That’s why I disagreed with an article you wrote a while back on your previous blog, where you were reacting to what some historical religious figure was saying about not just blindly latching on to new Church teaching, but to take the time to take it in. You interpreted it as some kind defiance to the Church and trying to be “his own pope”, whereas I saw it as simply building his obedience on a solid foundation of understanding. As one commenter (“Neko”, I believe?) put it, it was just a modest call for discernment.

        And its not just the RCC, Christianity or even religion in general. I think its a problem across the board, especially with those who promote continued oppression and injustice in the name of adhering to “law and order”.

      4. The combination of spiritual guidance and the help of a psychologist sounds like wise advice to me.

    1. @3vil

      Thanks for the reference. I went over and read that article, at least as far as I could before my head started to hurt. I read a lot of that stuff back in college, and wrote not just a few papers on the subject. After taking a lot of acid in my 20s, I also wrote a great deal on the subject. Nothing like acid to open your mind to new ways of thinking about things. Not too much acid, of course, Because too much acid just takes you in the other direction, which ever direction that might be.

      I came to some fairly simple conclusions, which relieved my philosophical headaches. First was “cogito, ergo sum.” If you can’t start with that, then you’re not going to get anywhere. If I didn’t exist, why would something try to convince me that I did, and how could it possibly happen? So I do. The Chinese philosophers – I can’t remember which one – dealt with the “brain in a vat issue“ by asking, “am I a butterfly dreaming that I am a man, or a man dreaming that I’m a butterfly?“ There’s no way to answer the question, but it did convince me that the ultimate answers to ultimate questions ultimately didn’t matter.

      The final answer about the nature of reality came from my favorite professor at Northwestern, C. West churchman. an absolutely brilliant man. he had two things to say: “what is perceived as real is real in its consequences“, and its corollary, basically Shakespeare: “There is nothing so true in heaven or earth but wishing will make it so.“ The ultimate conclusion of my studies with West was simple: “reality is what works“. If it doesn’t work, it’s not reality.

      And that was why ultimate questions ultimately don’t matter.

    2. You’re right. This young man appears to be tormenting himself over the “sin” of masturbation, or possibly homosexuality. He’s only 22! Heartbreaking. Not to mention the sin of Onan was disobedience, not wasting precious seed. But the Church can never err in matters of faith and morals, so for ages young people whose brains are still developing have become wracked with guilt over a hormonal process that is perfectly natural. Masturbation was formally condemned by Pope Leo IX in 1054!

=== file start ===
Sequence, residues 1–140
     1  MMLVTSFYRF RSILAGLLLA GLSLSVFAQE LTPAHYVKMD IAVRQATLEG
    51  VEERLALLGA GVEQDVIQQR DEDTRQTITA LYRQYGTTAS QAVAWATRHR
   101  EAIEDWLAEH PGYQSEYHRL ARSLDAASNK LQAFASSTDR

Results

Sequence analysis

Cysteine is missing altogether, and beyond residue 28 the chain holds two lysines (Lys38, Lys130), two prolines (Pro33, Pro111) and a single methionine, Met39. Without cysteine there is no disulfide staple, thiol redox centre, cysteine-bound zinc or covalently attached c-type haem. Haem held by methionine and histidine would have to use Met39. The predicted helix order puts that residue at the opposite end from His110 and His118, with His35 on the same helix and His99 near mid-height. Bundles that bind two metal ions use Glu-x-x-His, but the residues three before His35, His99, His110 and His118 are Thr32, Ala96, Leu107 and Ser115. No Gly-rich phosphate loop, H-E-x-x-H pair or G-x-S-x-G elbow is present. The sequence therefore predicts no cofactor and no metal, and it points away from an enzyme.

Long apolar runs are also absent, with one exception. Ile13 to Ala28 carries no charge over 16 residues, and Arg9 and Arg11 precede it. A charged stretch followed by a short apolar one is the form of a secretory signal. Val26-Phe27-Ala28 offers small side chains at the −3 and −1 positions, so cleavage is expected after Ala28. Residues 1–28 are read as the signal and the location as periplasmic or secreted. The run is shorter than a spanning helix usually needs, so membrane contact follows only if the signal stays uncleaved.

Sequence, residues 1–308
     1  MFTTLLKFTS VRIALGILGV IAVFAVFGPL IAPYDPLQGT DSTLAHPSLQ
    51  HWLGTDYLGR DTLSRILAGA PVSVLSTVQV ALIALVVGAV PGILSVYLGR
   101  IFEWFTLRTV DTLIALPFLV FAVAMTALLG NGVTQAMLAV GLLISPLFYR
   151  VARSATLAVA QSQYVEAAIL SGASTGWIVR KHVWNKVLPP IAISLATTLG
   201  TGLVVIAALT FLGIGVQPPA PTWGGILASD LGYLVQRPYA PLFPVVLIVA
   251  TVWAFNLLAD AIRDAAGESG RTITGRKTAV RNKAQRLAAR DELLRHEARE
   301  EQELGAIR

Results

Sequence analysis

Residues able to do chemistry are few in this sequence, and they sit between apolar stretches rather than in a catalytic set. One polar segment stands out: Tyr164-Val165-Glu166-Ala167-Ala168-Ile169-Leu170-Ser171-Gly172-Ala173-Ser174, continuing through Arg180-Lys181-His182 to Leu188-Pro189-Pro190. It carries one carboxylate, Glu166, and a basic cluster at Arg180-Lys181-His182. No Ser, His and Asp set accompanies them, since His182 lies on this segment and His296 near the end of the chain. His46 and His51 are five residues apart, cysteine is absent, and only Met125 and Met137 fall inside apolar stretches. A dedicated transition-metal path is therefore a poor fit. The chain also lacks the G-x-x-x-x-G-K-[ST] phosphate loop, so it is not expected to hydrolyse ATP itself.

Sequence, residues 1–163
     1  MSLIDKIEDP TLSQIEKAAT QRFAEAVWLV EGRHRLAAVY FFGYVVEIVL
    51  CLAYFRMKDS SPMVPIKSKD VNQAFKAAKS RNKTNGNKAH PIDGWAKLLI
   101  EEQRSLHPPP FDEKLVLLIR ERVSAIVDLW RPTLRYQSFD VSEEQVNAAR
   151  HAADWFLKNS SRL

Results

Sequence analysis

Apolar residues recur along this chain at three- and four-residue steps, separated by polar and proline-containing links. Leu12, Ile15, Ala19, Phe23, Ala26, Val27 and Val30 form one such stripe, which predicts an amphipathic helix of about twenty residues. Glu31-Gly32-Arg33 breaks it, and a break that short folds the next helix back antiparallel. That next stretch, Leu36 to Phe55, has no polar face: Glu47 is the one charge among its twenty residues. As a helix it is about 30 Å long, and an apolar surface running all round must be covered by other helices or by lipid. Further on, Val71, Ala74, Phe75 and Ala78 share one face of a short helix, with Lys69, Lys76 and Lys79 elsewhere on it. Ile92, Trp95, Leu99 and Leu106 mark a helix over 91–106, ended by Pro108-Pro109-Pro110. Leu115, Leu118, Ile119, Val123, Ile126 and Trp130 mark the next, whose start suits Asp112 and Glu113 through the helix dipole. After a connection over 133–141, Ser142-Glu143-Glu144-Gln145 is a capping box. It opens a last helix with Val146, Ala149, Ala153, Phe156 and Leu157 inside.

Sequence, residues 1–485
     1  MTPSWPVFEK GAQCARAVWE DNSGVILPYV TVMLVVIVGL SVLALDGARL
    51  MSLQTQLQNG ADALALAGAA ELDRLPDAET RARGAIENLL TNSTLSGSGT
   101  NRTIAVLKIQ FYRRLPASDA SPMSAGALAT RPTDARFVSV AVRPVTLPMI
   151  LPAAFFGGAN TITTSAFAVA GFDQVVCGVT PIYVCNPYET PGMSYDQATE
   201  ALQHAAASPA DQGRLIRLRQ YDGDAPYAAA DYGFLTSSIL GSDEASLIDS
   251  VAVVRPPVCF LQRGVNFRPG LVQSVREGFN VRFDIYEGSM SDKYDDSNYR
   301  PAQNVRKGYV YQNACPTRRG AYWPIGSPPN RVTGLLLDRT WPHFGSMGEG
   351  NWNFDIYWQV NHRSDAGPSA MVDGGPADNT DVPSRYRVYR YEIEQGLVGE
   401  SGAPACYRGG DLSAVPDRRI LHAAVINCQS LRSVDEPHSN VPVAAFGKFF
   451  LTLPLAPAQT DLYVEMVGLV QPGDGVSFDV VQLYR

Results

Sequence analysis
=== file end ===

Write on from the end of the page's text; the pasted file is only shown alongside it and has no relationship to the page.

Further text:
Mark, depression is not simply related to “anger.” It can be chemical; that is why people take medication for it. But it’s no surprise that a young person grieving over the loss of beloved grandparents, shattered by revelations of his family history, guilt-ridden over sexuality, and terrified by isolation, is depressed. If indeed he is Catholic, the Church could certainly provide consolation, but Church teaching is part of the problem to begin with.

      1. Neko, Onan was doing more than disobeying. In the Jewish culture of the time, having a son was supremely important. I don’t really understand the thought process, but it was related to their memory being kept alive, and maybe even their immortality. It was extremely important to them. Onan was selfish and conniving in the ultimate, worst possible way. That was the point.

        Any Catholic priest worth his mettle will advise a young man delicately but forthrightly about masturbation to help him/(her) keep life in perspective. People who have suffered trauma are more likely to be accessing the drugs that the brain produces than the kid with the well-rounded, happy life. God certainly can tell the difference between degrees of malice and compulsions that involve no malice at all.The problem of *any* addiction is that they mess with brain chemistry. Meaningful relationships are harder to attain if a dream world full of empty calories and bogus highs are being obsessively sought. *This* is why the Catholic Church has a blinking red hand saying “don’t cross that street!” But as it is saying it, its ministers are fully aware that plenty of people are going to cross that street anyway, with varying degrees of malice–or none at all–and are ready to encourage them to live life in a more healthy,ordered way.